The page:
(October 23, 2018) Olaparib, or Lynparza, was shown to increase progression-free survival (PFS) by almost three years in an ongoing trial known as SOLO-1. The women in the study are BRCA 1 or 2 positive and newly diagnosed with an advanced stage of high grade serous or endometroid ovarian cancer, primary peritoneal, or fallopian tube cancer. Before starting olaparib, patients underwent both surgery and platinum based chemotherapy. Three years into the study, those who are on the PARP inhibitor olaparib have a 70% reduced risk for disease progression or death. The median of those who received a placebo instead of olaparib was 13.6 months, whereas the group that received the PARP inhibitor as maintenance therapy has yet to be determined.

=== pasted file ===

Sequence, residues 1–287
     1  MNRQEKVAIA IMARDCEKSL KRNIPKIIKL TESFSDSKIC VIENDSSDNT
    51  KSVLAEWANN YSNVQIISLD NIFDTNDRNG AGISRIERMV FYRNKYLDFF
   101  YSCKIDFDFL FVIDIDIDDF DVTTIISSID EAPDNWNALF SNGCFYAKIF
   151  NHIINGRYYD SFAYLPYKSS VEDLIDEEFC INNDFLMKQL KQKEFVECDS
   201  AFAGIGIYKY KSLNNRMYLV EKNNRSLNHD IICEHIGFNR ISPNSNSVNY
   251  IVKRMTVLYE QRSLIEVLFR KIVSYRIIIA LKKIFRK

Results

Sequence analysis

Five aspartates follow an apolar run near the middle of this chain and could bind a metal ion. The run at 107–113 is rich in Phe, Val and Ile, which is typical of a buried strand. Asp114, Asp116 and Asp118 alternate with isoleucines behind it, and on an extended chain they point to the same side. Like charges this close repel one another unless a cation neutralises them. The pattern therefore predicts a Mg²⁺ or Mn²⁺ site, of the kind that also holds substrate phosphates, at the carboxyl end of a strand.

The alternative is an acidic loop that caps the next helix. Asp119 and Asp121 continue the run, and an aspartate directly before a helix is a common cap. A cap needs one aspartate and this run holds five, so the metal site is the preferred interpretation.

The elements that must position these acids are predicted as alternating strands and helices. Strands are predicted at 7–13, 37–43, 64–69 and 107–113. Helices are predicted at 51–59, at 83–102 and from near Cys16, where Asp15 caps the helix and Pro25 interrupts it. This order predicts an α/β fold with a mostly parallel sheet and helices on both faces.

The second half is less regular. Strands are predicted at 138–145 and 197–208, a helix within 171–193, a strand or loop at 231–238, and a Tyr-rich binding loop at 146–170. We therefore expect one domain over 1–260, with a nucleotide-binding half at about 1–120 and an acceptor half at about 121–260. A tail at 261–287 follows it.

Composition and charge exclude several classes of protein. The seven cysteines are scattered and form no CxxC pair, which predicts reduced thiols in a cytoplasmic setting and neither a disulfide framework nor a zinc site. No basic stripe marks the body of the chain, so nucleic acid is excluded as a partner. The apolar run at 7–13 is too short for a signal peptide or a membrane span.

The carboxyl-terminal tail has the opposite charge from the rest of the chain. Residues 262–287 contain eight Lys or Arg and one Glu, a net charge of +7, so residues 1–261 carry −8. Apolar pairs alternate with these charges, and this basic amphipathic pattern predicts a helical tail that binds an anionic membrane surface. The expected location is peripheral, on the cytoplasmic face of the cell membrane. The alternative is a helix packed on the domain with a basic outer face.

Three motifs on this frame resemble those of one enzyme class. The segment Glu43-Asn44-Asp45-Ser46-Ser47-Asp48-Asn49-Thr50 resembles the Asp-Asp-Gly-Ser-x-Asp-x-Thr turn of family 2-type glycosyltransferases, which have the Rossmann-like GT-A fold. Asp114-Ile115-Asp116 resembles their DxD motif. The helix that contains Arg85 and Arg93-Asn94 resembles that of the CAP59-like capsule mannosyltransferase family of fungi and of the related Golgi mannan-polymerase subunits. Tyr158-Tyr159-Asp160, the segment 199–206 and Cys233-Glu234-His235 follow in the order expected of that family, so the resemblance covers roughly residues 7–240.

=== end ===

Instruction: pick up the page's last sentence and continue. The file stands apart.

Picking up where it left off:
Equally as important is that patients who were treated with olaparib took longer to get to the point when they needed a first or second therapy after their initial chemotherapy. The olaparib group had a median of 51.8 months before their first subsequent therapy versus 15.1 months for the placebo group. Meaning, the study author added, that the maintenance therapy does not adversely effect the benefits of subsequent therapies.
One of the authors of the study, Kathleen Moore, MD of the University of Oklahoma, says of the trial, “We believe the SOLO-1 data really promise a change in the standard of care for women with advanced ovarian cancer who harbor a BRCA mutation, and we hope this will be available to patients relatively soon.”
You can read more about it in Medpage Today.